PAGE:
Checking out

library pic from Herald Thursday was my last day at the Key West Library. It was a great job in a lot of ways ... I keep telling myself and other people that it's a good thing to leave a job while you still like it. I've loved and felt at home in libraries all my life, and have loved more than I could ever have expected getting to know how they work -- or at least how this one works -- from the inside.

It wasn't all joy and happiness. Every single job has its challenges and this one certainly did -- mostly, from my perspective, having to do with the library's physical plant and the aging and inadequate resources it has to offer for technology access, one of the most important roles public libraries play today. During my short tenure there, I saw almost all government services and most employment functions go entirely digital, which means people who don't have computer access or skills are SOL. Except for the public library.

But enough about the negative -- I'll save that for future rants, perhaps. Here are things I will miss about this job:

  • The people -- specifically, my co-workers. The Key West Library is really fortunate right now to have a staff of smart, nice, funny, generous people. It was always a pleasure to show up for work and see them in the morning. I've had enough different jobs that I appreciated that -- really appreciated that -- and I will miss it. I will also miss many of the patrons, both old friends I got to see and chat with regularly as they came through the library, and people I only got to know through my job there.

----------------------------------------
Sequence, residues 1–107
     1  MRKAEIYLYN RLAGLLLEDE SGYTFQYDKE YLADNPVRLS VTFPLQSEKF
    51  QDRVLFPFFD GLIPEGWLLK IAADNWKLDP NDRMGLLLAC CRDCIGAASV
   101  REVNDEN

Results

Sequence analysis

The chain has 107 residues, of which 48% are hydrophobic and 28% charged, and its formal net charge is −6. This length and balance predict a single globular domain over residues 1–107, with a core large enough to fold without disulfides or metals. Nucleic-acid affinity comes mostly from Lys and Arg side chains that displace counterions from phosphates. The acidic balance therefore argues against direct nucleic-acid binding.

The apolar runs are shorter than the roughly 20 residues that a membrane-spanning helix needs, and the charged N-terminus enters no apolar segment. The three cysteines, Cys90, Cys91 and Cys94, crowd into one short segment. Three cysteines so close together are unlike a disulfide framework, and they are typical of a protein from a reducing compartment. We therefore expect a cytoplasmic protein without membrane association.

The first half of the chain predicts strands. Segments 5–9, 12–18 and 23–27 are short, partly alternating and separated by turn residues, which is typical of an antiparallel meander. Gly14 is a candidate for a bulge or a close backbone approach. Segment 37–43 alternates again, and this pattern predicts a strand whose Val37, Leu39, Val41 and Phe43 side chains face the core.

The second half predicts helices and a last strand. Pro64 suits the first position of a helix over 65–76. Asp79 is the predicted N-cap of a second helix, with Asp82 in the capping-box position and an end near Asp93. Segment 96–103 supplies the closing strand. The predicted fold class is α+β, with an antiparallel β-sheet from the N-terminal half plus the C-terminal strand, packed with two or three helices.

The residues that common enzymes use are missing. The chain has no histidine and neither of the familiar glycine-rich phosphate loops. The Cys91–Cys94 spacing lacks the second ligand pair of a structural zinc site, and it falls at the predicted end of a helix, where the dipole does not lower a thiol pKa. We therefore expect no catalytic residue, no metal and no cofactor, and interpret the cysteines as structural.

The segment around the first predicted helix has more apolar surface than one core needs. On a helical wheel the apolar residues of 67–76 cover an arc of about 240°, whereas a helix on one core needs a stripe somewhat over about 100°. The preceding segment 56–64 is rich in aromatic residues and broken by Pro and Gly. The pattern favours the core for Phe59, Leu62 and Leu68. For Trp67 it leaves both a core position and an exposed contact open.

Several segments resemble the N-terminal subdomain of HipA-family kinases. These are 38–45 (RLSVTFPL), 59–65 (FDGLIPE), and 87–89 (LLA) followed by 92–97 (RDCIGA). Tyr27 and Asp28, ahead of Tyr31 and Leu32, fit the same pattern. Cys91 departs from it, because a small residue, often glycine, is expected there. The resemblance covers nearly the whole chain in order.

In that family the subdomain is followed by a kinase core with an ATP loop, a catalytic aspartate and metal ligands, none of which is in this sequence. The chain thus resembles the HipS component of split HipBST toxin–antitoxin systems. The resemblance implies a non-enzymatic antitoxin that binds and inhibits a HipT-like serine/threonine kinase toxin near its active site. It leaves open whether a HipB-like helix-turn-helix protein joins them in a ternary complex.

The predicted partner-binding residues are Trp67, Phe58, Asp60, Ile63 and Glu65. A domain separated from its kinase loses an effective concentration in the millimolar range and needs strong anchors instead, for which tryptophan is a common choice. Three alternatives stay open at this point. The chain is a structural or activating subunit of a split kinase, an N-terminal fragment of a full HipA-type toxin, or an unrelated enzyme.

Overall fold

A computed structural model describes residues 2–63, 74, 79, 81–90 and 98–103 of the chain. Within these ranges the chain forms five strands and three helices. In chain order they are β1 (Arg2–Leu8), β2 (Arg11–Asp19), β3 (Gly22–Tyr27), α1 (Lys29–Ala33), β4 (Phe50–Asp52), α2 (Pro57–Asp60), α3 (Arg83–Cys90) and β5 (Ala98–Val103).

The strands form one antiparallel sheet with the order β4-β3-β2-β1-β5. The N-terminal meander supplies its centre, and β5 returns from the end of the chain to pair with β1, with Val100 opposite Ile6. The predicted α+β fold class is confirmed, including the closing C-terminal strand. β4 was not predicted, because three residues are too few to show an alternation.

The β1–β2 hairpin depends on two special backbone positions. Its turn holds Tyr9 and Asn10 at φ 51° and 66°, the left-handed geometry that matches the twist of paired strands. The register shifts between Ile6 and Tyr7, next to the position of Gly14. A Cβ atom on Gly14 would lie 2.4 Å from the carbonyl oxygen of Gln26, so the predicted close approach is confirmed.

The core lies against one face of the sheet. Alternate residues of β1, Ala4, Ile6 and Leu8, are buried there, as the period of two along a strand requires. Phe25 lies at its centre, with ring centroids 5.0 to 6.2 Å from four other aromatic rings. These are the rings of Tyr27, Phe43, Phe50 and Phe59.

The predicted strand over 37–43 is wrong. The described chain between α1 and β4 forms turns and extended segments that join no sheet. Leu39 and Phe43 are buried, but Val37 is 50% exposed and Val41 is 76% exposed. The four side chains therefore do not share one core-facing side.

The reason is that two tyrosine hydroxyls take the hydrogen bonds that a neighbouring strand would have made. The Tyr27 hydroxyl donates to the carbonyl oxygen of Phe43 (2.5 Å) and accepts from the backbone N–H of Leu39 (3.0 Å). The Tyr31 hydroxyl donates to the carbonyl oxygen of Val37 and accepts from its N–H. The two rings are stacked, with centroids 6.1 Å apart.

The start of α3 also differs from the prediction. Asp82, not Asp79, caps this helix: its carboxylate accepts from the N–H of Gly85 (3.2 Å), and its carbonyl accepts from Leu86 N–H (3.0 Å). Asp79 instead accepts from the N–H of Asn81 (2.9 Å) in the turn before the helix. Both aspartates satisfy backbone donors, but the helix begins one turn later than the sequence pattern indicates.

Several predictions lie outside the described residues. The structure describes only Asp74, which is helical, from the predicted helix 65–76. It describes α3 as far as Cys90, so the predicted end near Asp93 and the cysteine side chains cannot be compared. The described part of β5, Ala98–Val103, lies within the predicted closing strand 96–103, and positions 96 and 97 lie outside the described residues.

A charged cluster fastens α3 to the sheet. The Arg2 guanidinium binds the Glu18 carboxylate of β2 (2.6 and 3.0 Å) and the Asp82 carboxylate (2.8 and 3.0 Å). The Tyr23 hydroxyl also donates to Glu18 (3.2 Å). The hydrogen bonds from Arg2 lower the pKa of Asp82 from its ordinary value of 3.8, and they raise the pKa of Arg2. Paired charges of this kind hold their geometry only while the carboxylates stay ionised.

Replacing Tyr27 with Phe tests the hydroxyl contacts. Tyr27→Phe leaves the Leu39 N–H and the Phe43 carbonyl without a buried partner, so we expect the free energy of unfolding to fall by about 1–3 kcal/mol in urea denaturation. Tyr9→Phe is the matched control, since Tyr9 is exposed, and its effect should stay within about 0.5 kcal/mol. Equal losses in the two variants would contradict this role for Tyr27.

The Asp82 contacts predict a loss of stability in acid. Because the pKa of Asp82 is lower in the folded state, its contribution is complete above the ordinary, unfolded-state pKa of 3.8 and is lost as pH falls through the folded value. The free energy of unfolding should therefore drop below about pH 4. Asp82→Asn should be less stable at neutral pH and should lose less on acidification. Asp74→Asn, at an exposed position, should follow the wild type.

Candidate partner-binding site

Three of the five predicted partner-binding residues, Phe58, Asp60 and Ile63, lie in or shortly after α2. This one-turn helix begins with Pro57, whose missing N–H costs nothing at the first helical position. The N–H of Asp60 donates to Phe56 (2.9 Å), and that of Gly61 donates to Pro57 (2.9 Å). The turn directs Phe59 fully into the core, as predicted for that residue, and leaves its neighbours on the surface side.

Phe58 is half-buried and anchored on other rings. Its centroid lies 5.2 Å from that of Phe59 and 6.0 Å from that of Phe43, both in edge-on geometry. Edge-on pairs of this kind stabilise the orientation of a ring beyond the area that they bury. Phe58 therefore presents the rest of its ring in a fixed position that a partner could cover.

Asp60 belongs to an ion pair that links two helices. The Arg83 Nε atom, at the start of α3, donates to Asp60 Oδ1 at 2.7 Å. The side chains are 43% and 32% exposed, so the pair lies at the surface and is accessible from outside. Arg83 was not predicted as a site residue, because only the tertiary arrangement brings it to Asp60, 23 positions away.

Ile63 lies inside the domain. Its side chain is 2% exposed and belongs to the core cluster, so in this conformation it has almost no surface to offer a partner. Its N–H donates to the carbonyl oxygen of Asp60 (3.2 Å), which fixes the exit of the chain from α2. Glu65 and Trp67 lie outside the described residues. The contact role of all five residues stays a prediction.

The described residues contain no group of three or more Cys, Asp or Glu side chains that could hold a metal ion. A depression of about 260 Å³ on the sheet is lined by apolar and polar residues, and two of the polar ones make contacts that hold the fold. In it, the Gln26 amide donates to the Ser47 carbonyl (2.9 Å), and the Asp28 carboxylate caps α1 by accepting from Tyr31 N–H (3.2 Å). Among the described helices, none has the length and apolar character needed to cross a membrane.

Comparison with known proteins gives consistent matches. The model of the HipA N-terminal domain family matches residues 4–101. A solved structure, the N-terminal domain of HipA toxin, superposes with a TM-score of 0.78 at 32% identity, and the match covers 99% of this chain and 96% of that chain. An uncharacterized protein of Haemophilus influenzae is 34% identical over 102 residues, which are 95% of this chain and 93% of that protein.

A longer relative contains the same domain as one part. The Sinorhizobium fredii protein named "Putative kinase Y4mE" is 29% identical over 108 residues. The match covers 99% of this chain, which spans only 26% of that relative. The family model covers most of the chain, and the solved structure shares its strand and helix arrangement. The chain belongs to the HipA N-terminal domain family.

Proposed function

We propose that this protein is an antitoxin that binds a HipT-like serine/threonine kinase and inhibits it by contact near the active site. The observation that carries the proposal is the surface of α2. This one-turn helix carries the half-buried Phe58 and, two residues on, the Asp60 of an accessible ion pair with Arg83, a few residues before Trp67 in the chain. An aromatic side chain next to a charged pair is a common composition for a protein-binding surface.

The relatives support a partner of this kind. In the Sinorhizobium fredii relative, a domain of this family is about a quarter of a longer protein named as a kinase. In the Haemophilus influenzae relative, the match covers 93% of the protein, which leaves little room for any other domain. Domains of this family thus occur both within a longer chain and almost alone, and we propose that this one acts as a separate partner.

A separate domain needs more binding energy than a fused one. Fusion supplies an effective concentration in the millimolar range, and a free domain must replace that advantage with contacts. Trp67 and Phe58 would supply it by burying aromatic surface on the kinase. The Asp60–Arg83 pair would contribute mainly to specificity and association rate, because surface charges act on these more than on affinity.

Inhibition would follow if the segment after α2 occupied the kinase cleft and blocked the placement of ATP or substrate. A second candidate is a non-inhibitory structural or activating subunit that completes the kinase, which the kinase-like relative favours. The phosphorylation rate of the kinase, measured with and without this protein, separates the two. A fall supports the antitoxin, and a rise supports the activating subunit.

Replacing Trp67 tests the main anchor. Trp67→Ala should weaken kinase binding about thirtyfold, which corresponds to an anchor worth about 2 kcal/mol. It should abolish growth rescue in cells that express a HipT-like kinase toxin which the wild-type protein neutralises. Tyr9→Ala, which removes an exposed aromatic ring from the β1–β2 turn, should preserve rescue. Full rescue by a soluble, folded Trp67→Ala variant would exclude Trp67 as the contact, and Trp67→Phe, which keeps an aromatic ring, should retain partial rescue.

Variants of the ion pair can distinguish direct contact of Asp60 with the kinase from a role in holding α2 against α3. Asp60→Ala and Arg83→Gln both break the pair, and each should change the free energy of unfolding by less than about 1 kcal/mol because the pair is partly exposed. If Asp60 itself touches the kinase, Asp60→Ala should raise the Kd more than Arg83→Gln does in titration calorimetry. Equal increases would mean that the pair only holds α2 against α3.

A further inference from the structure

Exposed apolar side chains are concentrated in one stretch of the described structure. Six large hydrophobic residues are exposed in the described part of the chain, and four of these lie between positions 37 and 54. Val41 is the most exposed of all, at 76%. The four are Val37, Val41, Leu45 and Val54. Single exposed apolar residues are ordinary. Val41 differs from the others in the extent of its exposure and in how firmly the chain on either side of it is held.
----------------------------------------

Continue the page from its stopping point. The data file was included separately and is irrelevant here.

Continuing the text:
• My commute -- a 10-minute bike ride that took me through the Meadows and the Key West Cemetery every morning, and down Olivia Street every evening. A perfect length of time to prepare/relax/reflect on my day, except during the occasional torrential rainstorm.
  • The books -- Library books. Donated books. Ebooks. Advanced review copies, sent out by publishers. I have plenty of books at home and of course will continue to borrow from the library. But it was reassuring to see how much people still read, and occasionally surprising to see something new or unexpected come across the counter. I even started a Facebook album of donated books that made me laugh.
  • Helping people who genuinely need it -- whether it was finding an obscure title via Interlibrary Loan or helping someone get through a complicated online job application process (I'm looking at you, CVS!), there is a great satisfaction in providing a public service that isn't available anywhere else. There were plenty of frustrations along that line to be sure, but often it works and when it does you feel pretty damned good about your choice of employment, and the county's commitment to keeping the library's doors open.
  • The kids -- from the babies and toddlers just discovering the wonders of the library (the train set! Story time!) to the tweens carrying home box loads of manga books (literally), it was fun to watch them grow up and be the familiar friendly face who provided the fodder to help them grow. I also learned from my colleague Art that you can entertain squirmy toddlers by showing them how the scanner beeps every time it scans a bar code.
  • The vault -- I got to fill in some in the Florida History Department, giving me a better look at the many wonders inside the vault and, increasingly, online. Too many to list here but I may return as a volunteer to keep working on my project of scanning photos from local elementary schools in the 1950s and '60s.

Carnegie Medals: In which I (almost) make a literary prize reading deadline